Legislators seem to be in no hurry to expand OReGO, the state’s per-mile road tax program, or to make it mandatory in a few years. A bill to do both was heard by the House transportation committee on March 15 but has seen no action since.
If Oregon legislators propose an increase in the gas tax this year, as part of a package to keep up with the need for highway maintenance and construction, they won’t get any complaints from me. An accounting from OReGO showed me that I’m getting a really good deal, in my opinion, for using our roads.
As one of the volunteers paying Oregon’s vehicle mileage tax — in theory anyway — I’m thinking the program is needlessly complicated as long as it applies to vehicles powered by conventional fuel. That’s because of all the record keeping necessary to calculate the tiny difference between the mileage tax and the fuel tax already paid.
For about a year now, I’ve been one of the volunteers taking part in OReGO, Oregon’s pioneering test drive of a road-user charge, better known as a vehicle mileage tax or VMT. The experience has been painless and even kind of fun. But there may come a time when the fun stops and we all […]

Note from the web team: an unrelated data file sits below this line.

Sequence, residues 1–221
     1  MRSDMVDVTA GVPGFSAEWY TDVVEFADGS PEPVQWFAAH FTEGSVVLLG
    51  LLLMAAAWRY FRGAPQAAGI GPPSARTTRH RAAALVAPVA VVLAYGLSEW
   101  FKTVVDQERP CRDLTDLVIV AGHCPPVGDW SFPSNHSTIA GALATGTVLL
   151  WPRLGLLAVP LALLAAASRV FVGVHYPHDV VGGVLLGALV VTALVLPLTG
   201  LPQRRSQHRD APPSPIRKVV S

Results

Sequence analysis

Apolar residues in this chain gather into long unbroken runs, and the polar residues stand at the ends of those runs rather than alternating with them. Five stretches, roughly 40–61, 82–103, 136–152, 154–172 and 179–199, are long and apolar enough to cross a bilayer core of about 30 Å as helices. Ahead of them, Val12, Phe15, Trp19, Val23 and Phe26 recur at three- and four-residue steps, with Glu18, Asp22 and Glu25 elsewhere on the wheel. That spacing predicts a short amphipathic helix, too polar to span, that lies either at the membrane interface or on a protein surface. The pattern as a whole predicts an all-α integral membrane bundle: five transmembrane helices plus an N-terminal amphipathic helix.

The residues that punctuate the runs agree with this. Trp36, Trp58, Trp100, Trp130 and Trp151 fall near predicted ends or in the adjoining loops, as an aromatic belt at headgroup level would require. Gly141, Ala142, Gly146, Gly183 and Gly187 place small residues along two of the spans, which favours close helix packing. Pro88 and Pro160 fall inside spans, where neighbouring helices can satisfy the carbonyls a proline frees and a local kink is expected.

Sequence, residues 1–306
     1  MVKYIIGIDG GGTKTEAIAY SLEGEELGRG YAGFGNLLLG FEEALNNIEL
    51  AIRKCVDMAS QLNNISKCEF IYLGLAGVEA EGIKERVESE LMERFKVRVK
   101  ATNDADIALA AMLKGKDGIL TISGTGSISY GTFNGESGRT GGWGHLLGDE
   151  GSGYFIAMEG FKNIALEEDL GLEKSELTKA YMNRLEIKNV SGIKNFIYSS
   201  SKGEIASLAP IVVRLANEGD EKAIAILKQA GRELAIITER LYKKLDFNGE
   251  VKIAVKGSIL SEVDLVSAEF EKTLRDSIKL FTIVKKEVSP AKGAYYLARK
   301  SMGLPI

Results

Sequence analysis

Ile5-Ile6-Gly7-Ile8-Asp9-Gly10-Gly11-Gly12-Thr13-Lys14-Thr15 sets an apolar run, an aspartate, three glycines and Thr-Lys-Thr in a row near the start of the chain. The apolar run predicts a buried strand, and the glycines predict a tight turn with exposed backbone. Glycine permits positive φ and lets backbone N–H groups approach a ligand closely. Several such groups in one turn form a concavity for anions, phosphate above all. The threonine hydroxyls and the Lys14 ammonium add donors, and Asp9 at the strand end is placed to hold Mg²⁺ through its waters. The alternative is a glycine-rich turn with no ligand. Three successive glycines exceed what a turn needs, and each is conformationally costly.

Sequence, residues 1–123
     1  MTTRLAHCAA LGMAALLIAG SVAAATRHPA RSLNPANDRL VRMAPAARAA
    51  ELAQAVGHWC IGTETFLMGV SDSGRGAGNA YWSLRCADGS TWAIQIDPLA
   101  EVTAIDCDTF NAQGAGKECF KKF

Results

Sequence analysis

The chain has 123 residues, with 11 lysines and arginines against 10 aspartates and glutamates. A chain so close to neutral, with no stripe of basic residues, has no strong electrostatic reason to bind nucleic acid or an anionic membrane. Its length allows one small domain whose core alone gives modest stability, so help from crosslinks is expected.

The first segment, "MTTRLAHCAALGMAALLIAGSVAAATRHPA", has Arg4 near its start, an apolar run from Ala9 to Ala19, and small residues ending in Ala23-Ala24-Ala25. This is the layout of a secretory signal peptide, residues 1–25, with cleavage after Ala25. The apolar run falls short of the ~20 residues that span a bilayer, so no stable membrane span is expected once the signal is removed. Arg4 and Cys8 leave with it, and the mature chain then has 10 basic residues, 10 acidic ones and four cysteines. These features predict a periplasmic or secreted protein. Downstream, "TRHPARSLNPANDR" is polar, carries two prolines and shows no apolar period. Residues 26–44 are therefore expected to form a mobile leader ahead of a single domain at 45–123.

Let’s check in on OReGO, which seems to be flying under the radar of public interest and perhaps awareness. Maybe people would be more interested if I raised the possibility that Oregon’s pioneering approach to road taxation might some day work to get a little extra revenue from bicyclists as well.
Oregon’s program of collecting a mileage fee instead of the gas tax is catching on more slowly than I had thought. But one of my concerns — that it might be vulnerable to computer hackers — appears to be unfounded.
My experiment with OReGO, Oregon’s mileage tax program, is proving more interesting than expected. And I can see where, before this approach to road taxation can ever become widespread, let alone mandatory, adjustments will have to be made.
So how’s it going with OReGO, the state’s volunteer program of charging a mileage fee instead of the gasoline tax to pay for highway programs? It could use more volunteers, for one thing. For another, there may be technical issues to iron out.